In an age when everything from gentlemen's clubs in St James to misogynistic golf courses have fallen victim to sexual equality, so too, it seems has the allotment patch.
Allotment gardening, once the domain of the working man, is increasingly popular with women, with waiting lists for a plot lengthening and a plethora of websites devoted to the cause. The National Society of Allotment and Leisure Gardeners (NSALG) estimates that 20 per cent of plots are owned by women, compared to 2 per cent 30 years ago.
Female celebrity gardeners such as Charlie Dimmock and the former pop star Kim Wilde have fuelled women's interest in horticulture. Fears about additives and pesticides in food have also led to a boom in allotment gardening, with some London councils operating a 10-year waiting list for a plot.
Geoff Stokes, the national secretary of the NSALG, said: "There is a feeling among everyone I speak to that more and more women are taking up allotment gardening.
"In parts of the north it is still a very male preserve, but certainly in the south and London the numbers of women are increasing rapidly. When allotments began, the men did what was considered to be the hard work, like the digging and ploughing. The women stayed at home and did the cooking and the cleaning. All that has changed now. Women see these people and realise there is no reason why they can't carry heavy bags of sand, lift huge stones or get covered in mud.
"The whole organic thing has helped as well. A lot of houses have very small gardens, but women want to know where their food is coming from - and what better way is there than to grow it yourself?"
The association has two women on its counciland is planning a full-scale audit of its female population. Lynne Aldridge, 41, a charity worker from Enfield, acquired her first allotment two years ago and is now a regular at her plot in north London. Her bumper crops this year have been Jerusalem artichokes and shallots. The 25m (80ft) plot also has a pond and a shed covered in sweet peas and clematis.
"My father was a keen gardener and some of my earliest memories as a child are of helping him out on his allotment," she said. "But it was quite a stuffy atmosphere then - my mother would never go down to the plot, and it was overwhelmingly a male thing.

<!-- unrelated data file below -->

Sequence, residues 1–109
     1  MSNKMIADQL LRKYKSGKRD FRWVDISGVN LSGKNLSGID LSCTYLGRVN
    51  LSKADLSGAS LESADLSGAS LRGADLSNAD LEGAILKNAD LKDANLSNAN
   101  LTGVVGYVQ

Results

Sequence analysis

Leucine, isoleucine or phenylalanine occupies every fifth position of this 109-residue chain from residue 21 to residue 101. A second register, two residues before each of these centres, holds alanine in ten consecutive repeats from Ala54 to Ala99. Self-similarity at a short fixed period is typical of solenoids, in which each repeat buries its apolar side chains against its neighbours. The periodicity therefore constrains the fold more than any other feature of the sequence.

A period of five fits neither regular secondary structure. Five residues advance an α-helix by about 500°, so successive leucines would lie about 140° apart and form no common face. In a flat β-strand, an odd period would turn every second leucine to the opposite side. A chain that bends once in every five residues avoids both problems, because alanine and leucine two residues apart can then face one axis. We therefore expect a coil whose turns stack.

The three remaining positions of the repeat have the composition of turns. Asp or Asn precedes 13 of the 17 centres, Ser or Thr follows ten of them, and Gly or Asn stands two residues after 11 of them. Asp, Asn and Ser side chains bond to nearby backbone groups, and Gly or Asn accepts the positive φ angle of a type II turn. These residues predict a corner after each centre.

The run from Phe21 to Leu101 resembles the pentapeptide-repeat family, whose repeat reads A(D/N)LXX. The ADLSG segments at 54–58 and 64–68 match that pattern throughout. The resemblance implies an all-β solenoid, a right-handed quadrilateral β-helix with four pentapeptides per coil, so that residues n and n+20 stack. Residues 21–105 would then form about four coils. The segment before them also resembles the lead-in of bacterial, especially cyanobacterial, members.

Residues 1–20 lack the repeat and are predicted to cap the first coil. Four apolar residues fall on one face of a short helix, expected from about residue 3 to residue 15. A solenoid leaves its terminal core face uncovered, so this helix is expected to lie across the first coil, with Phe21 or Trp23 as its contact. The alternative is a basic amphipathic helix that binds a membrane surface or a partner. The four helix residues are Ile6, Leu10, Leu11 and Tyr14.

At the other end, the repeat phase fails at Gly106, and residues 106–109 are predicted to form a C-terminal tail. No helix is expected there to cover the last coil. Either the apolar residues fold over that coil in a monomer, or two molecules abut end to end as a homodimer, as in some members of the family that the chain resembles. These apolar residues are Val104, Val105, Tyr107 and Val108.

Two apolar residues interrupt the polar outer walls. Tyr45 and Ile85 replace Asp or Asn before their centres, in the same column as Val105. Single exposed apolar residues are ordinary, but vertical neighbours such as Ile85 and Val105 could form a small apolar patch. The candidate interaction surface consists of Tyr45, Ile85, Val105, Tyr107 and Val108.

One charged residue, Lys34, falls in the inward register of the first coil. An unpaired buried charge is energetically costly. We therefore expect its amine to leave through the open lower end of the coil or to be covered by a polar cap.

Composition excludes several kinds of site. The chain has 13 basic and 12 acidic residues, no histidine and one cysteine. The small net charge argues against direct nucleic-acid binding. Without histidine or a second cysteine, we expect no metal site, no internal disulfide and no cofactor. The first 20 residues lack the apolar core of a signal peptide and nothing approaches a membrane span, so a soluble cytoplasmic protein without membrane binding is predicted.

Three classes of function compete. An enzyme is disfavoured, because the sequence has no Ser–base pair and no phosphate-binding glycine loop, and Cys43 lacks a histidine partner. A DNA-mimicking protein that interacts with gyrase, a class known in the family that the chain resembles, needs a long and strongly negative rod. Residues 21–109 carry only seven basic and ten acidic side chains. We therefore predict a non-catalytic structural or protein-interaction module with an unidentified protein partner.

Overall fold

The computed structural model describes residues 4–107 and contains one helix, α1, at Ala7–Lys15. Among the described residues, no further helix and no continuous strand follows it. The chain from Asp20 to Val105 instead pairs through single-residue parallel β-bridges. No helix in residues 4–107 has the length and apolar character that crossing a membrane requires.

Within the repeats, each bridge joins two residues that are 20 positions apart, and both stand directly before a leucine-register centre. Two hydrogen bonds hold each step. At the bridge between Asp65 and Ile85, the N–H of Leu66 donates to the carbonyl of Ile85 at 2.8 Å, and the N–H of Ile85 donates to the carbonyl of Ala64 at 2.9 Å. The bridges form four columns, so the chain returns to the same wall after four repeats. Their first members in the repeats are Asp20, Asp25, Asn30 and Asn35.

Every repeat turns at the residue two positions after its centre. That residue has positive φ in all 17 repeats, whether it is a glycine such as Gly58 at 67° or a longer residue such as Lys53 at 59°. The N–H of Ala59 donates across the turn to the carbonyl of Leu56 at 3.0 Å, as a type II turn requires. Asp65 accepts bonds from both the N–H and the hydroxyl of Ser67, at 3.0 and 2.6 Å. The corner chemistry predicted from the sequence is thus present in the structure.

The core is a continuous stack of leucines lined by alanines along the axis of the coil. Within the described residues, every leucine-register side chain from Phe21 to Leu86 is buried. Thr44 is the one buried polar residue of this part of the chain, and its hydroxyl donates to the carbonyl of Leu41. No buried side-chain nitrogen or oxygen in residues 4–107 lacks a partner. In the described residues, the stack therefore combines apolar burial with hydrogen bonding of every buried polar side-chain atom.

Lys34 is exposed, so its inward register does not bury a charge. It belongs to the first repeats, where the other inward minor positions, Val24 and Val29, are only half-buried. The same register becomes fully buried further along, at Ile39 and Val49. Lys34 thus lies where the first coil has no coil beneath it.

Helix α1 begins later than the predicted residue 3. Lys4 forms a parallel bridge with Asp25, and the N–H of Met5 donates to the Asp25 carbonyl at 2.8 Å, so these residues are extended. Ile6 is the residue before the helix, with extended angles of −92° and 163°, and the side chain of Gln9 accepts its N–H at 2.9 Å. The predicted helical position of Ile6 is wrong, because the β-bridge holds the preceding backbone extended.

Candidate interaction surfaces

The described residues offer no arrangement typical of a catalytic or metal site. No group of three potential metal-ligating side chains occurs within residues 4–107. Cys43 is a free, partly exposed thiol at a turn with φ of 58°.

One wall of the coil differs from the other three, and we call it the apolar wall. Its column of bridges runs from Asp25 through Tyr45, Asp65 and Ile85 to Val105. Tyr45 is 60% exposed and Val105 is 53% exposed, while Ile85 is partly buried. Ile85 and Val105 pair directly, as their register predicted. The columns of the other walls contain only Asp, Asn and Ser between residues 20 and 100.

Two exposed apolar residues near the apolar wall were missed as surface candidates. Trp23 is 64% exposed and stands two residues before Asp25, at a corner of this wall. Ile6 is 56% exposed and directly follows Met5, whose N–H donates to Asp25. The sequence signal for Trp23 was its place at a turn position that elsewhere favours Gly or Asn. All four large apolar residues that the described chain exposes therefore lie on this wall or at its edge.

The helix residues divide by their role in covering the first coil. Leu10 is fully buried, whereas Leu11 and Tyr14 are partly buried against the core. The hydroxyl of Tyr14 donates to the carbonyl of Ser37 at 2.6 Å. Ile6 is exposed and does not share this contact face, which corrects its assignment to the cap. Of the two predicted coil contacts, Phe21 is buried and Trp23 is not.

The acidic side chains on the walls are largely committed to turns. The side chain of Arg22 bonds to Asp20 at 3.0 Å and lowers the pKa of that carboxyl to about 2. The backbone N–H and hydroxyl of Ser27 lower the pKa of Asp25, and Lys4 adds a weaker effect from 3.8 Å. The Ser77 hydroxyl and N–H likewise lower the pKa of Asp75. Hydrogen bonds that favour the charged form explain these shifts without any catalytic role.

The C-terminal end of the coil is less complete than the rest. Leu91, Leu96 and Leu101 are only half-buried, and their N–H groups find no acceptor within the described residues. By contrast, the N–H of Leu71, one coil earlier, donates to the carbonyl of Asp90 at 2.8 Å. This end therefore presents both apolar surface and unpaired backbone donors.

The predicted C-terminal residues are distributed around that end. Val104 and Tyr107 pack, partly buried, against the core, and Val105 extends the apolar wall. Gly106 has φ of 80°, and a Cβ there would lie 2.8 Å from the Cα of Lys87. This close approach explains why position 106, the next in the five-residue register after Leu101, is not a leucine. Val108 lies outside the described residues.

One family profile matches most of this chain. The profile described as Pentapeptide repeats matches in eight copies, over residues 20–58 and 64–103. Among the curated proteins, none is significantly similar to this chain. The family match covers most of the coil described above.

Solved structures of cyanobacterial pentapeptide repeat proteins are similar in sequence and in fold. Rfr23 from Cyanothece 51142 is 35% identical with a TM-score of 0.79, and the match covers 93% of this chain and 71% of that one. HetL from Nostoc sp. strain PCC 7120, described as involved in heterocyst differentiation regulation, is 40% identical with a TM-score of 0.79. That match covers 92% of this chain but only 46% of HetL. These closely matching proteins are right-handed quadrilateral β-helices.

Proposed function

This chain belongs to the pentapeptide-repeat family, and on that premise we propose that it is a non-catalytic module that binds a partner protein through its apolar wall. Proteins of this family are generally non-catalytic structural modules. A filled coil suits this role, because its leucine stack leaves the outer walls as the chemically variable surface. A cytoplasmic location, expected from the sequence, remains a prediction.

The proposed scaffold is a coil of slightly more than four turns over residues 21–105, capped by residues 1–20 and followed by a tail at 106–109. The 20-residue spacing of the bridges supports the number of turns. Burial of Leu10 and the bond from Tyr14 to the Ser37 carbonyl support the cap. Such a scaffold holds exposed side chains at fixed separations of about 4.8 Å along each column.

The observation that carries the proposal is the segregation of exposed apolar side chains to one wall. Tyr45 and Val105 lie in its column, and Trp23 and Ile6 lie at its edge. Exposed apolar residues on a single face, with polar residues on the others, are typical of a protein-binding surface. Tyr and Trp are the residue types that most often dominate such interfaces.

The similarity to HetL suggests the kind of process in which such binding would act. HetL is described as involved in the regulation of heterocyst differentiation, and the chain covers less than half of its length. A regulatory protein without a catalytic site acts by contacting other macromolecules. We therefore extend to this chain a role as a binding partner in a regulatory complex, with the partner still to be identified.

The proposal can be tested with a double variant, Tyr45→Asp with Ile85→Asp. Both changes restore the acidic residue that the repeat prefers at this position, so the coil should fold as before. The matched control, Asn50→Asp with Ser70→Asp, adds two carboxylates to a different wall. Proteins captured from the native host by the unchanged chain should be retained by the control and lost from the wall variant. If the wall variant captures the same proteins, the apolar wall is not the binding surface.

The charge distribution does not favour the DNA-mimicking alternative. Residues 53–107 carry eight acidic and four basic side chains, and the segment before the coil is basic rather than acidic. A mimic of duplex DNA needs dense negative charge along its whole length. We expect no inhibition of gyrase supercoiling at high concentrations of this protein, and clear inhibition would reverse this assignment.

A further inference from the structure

"My dream is to have a smallholding in the country, with hens and ponies, but at the moment I work in London, so the allotment is just a rehearsal for the bigger thing.
"It's my escape - a little haven where I can go and potter about outside, and get away from work and the city," she said. "It is also wonderful to be able to grow your own vegetables. The health benefits are great - you just feel rejuvenated by gardening."
Ms Aldridge said there was little sexism in the world of allotment gardening these days. "Most of the men are very nice. You do get a few who we women call the 'Reg's' - the men who stop by your patch and tell you that you won't be able to grow anything, or you're doing it all wrong. The men are also more gossipy and bitchier than the women, which I didn't expect."
Allotment gardening developed during the 19th century, when the industrial revolution spurred increased urbanisation. The Victorians believed that allotment gardening would provide a wholesome and healthy pursuit for the urban poor, and entice them away from the degeneracy of drink.
During the Second World War allotments came into their own as a major provider of food in a country under blockade from the U-boats, and with the farms depleted by the loss of men to the war.
There are now some 297,000 allotment plots in England, covering 10,520 hectares (26,000 acres). Even 10 years ago, there were 30,000 vacant plots, but councils either sold the land or let it decline. Now the soaring popularity - and the dwindling garden space at most houses - mean that about 13,000 people are on a waiting list.
The average size of a plot is 250 square metres, and tenants pay anything from 25p to £80 a year for their plot. And as allotment gardening has attracted more women, they have also taken over the sheds which come with the plots.
Allotment gardening is also becoming more ethnically diverse, according to Ms Aldridge. "It used to be a very white, male-dominated preserve, but you look around our site and it is now very representative of the community.
"The Jamaican man next to me is growing pumpkins, and there is a Turkish woman who grows amazing peppers. It's no longer all about flat caps."
MALE PRESERVES UNDER THREAT
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GENTLEMEN'S CLUBS: In May, the all-male membership of London's Savile Club voted to allow women in to its hallowed halls. The Savile was among the last of the St James's clubs that banned women. A one-year experiment is starting, allowing women into the dining rooms in the evening.
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